Nikolai Vasilievich Gogol (1 April [O.S. 20 March] 1809 – 4 March [O.S. 21 February] 1852) was a Ukrainian-born Russian writer. Although his early works, such as Evenings on a Farm Near Dikanka, were heavily influenced by his Ukrainian upbringing and identity, he is often called the "father of modern Russian realism he was one of the first writers to criticize his country's way of life. The novels Taras Bul'ba (1835; 1842 [revised edition]) and Dead Souls (1842), the play The Inspector-General (1836, 1842), and the short stories Diary of a Madman, The Nose and The Overcoat (1842) are among his best known works. With their scrupulous and scathing realism, ethical criticism as well as philosophical depth, they remain some of the most important works of world literature.

The film by the Nikolay Gogol's book "Taras Bulba" will be released on April, 2nd 2009.









Nikolai Gogol
Works by Nikolai Gogol

New stamp

New stamps set devoted to 150th anniversary of A. S. Popov is available since 16th March 2009.



Alexander Stepanovich Popov (March 16 [O.S. March 4] 1859 – January 13 [O.S. December 31, 1905] 1906) was a Russian physicist who first demonstrated the practical application of electromagnetic (radio) waves, although he did not apply for a patent for his invention.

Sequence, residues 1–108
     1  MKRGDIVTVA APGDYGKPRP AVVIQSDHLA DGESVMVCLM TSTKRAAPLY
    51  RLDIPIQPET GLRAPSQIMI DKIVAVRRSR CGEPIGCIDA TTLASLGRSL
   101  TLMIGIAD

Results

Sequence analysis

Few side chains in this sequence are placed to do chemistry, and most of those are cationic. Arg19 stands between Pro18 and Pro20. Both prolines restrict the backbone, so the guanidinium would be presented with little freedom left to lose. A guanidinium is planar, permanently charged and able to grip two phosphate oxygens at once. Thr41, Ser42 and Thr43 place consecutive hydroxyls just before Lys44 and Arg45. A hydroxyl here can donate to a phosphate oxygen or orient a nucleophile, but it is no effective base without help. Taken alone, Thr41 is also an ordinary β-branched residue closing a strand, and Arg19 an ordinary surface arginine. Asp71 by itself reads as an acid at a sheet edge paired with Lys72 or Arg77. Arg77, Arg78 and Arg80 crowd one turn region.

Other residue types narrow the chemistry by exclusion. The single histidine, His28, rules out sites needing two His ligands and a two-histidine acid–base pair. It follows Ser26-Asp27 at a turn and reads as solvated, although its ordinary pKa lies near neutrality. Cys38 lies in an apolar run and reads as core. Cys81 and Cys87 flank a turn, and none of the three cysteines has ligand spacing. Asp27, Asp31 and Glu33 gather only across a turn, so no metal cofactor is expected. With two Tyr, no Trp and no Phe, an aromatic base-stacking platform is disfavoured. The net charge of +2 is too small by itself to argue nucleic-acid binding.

Beginning in the early 1890s he continued the experiments of other radio pioneers, such as Heinrich Hertz. In 1894 he built his first radio receiver, a version of the coherer. Further refined as a lightning detector, it was presented to the Russian Physical and Chemical Society on May 7, 1895 — the day has been celebrated in the Russian Federation as "Radio Day". The paper on his findings was published the same year. In March 1896, he effected transmission of radio waves between different campus buildings in St Petersburg. Upon learning about Guglielmo Marconi's system, he effected ship-to-shore communication over a distance of 6 miles in 1898 and 30 miles in 1899.

Alexander Popov

Aerograms from Malaysia






Thanks Khor Kok Keong!
Blog

вторник, 24 марта 2009 г.

Postcard from Spain



The Temple Expiatori de la Sagrada Família, often simply called the Sagrada Família, is a massive Roman Catholic church under construction in Barcelona, Catalonia, Spain. Construction began in 1882 and continues to this day. The temple is scheduled to open for worship by September 2010.